The Greg Brady Project

Welcome to the official Barry Williams' blog

My friends call me Barry. From time to time I also hear the name Greg. Yeah, as in Greg Brady. The Brady Bunch represents a fun time in my life. But it’s only part of the story. There’s more to say and that’s what The Greg Brady Project is all about – a place to say it. So, I’ve invited some friends to join me and share their perspectives on the Brady’s, the 70′s and just about everything else. Now, I’m inviting you…

22 Jul
Bob Hunt

Curtains in the Era of Metamedia

written by Bob Hunt in Blog | No comments

 ‘All Thumbs Down’
‘All Thumbs Down?’

There’s a lot of hubbub going on right now about the departure of film critics Roger Ebert and Richard Roeper from their long-running syndicated review show, At the Movies. This is understandable, as any television program that has been around in one form or another for the last 33 years qualifies as an institution of its medium. An entire generation has grown up taking for granted the presence of a pair of Chicago critics commenting on the latest releases from opposite sides of the aisle. The thumbs-up, thumbs-down gimmick introduced by Ebert and Gene Siskel on the first incarnation of the show, PBS’s Sneak Previews, grew so popular as a movie poster endorsement that it began to lose its impact, forcing the critics to invent absurd shades of recommendation like two thumbs up – way up. Like any other TV entity that has been with us for decades, it is hard for us to imagine its disappearance. However, although Disney apparently intends to reinvent the show with different hosts, I would argue that At the Movies and other television programs of its ilk have outlived their utility in the digital age.

Consider the media landscape when Sneak Previews debuted in 1975. Newspaper critics and academics were the font of film criticism, and although Gene Shalit was already chatting about the cinema on The Today Show, television was not a standard medium for informed movie reviews. In the theaters, feature films were preceded by a handful of previews, none of which were available on-demand via a worldwide network of connected computers. Watching Sneak Previews seemed like exactly what its title promised: enjoying exclusive access to scenes you might not catch anywhere else, with the added bonus of commentary from a couple guys who knew a thing or two about movies. Not only did they review the major releases, they also offered their opinions on obscure foreign titles that were unlikely to feel the heat of a projector bulb outside of select major cities. My father and I still laugh about the clip featuring a German man talking to his beer, which Siskel and Ebert included in their review of Berlin Alexanderplatz, a 1980 import that ran fifteen and a half hours! Curiously, it never made its way to our local multiplex.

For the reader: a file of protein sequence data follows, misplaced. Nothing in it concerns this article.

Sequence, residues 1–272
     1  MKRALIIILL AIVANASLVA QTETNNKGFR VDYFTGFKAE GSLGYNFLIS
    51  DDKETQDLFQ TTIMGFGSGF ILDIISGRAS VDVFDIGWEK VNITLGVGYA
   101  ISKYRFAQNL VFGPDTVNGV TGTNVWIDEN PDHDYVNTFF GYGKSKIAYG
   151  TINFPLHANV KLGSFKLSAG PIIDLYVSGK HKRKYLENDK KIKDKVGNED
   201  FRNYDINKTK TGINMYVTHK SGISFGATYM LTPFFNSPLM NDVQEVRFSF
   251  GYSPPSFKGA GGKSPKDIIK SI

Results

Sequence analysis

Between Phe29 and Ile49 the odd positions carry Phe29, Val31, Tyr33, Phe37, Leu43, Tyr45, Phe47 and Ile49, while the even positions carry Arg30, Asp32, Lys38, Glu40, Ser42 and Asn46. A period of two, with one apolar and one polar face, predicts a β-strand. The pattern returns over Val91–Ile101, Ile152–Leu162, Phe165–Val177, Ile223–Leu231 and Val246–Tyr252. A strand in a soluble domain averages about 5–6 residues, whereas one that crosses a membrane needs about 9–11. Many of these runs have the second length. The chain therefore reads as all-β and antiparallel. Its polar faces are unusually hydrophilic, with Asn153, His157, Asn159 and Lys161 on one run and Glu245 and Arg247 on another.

But what does it all matter today? It seems to me like we have more metamedia (that is, media commenting on media) than original media now, with this very post falling into a subcategory of metametamedia. The idea of bothering with a TV program to obtain film commentary seems rather quaint when multiple trailers and reviews from around the world are a mouse click away. Press kits once available only to critics now appear in expanded form as official movie websites, overflowing with photos, clips, bios of the cast and crew, and often more information than the general public would ever care to know. You can easily find critics to suit your cinematic tastes, from the snootiest students of film theory down to the everyday Joe who simply knows what he likes. In short, if contemporary audiences want to know what’s going on At the Movies, there is no longer a need for Sneak Previews. That sort of metamedia information is already out there, abundantly.

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